Bad press forces Santander to withdraw SSB loan request Print E-mail
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Friday, 19 February 2016 00:00

At a press conference called by the Santander Group, Andres Ayau, Chief Financial Officer for the company announced on Friday February 12, that it would not take a 12 million dollar loan from the Social Security Board. At the announcement Ayau stated: "It's sad enough to say that this issue was politicized and it's been a negative connotation and due to this negative media coverage we decided to actually use another lender, an international lender to cover that participation." The announcement ended a week's worth of speculation and badmouthing by a few public persons who preferred that SSB not make the investment which ultimately would have earned the board an 8 percent return on investment in the first two years of the loan and 7 percent thereafter on the 10 year loan.

Santander had approached the Social Security Board with the proposal in October of last year after a bank which had originally committed to the loan withdrew the commitment leaving Santander to look for another investor which they have since found. Ayau stated that, "We thought it would be a good thing to invite Social Security Board to participate... This loan offers a return of 7% which is more than twice what you are currently getting and exceeds inflation cost which are not being covered by the current returns you are getting." That is now a lost opportunity but Santander is not yet giving up on the possibility that the SSB invest in its operations. Ayau says that "We would like to leave the door open for Social Security Board and we are announcing here that we are doing and additional investment around this project for expansion of the factory and the sugarcane fields of 15 million US dollars and we continue our invitation to Social Security to participate in that's transaction. We hope that these issues can go beyond the politics around it and that we can see that these are safe and sound transactions. We will apply again for those funds. Like I say, we remain committed to offering these returns. I think it's a sound investment. I think it's something that the public and Social Security should take a very close look at."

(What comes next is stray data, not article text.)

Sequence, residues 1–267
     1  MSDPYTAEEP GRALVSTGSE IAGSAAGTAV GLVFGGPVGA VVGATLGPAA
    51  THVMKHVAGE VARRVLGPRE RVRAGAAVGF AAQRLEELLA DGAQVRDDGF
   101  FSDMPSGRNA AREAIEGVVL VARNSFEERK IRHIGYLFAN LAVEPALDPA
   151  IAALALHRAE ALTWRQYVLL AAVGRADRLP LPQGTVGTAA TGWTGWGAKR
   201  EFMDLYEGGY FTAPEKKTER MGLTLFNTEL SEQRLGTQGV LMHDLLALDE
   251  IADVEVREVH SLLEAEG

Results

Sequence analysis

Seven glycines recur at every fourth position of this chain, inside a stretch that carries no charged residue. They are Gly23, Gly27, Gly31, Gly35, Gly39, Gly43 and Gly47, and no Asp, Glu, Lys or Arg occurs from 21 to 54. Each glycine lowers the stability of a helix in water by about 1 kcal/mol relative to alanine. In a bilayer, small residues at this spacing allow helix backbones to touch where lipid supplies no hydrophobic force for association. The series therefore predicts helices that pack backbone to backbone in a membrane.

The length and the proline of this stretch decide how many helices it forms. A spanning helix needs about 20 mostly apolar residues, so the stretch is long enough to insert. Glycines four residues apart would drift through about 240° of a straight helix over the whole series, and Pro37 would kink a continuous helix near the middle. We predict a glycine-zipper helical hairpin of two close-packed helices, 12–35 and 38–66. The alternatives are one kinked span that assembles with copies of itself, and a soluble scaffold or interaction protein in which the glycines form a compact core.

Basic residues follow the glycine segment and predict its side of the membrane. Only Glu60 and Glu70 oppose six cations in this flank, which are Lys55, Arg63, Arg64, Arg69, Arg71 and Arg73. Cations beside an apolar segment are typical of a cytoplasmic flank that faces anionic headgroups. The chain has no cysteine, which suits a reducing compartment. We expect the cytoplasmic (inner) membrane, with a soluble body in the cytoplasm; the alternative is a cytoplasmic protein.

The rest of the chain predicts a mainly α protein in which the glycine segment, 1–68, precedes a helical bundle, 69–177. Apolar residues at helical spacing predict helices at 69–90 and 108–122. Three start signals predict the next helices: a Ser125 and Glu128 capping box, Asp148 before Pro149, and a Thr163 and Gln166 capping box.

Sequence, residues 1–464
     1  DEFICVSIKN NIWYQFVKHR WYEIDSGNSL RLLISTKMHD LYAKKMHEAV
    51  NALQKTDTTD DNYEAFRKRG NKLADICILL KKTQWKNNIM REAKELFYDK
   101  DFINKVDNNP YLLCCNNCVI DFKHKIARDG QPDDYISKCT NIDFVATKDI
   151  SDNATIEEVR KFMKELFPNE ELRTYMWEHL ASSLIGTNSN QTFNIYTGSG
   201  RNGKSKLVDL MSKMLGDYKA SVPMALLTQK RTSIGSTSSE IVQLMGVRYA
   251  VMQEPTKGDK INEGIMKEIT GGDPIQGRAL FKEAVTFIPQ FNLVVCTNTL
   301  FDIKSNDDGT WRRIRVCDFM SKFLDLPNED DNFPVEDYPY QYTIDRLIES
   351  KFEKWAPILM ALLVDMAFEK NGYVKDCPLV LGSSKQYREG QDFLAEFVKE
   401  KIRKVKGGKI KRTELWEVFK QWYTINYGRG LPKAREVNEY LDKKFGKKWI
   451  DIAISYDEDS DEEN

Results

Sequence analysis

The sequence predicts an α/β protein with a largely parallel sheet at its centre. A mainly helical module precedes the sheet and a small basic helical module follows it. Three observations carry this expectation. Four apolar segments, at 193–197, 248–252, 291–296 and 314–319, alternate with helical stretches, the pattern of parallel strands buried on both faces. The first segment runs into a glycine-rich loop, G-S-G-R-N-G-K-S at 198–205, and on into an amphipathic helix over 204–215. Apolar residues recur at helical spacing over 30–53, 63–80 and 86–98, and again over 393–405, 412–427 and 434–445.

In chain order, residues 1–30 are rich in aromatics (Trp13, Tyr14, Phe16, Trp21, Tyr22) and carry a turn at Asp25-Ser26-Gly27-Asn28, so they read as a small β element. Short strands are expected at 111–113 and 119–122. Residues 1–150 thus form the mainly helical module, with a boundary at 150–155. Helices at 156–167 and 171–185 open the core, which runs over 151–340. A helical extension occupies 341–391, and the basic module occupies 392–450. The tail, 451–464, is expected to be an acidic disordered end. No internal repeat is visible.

Currently the Santander factory is very near to being operational with grinding of cane projected to come in the next two weeks. Ayau says that for the time being the factory will be run as a test to ensure that it works properly. A full harvest is expected next year with 800,000 tons of cane being crushed to produce 80,000 tons of sugar cane and about 50,000 tons of molasses. It is also expected that the opeartions will also supply electricity to the national grid.

For now Santander says that it will be exporting sugar to the European market and they say they have firm offers for all that will be produced this year and a portion of next year's production.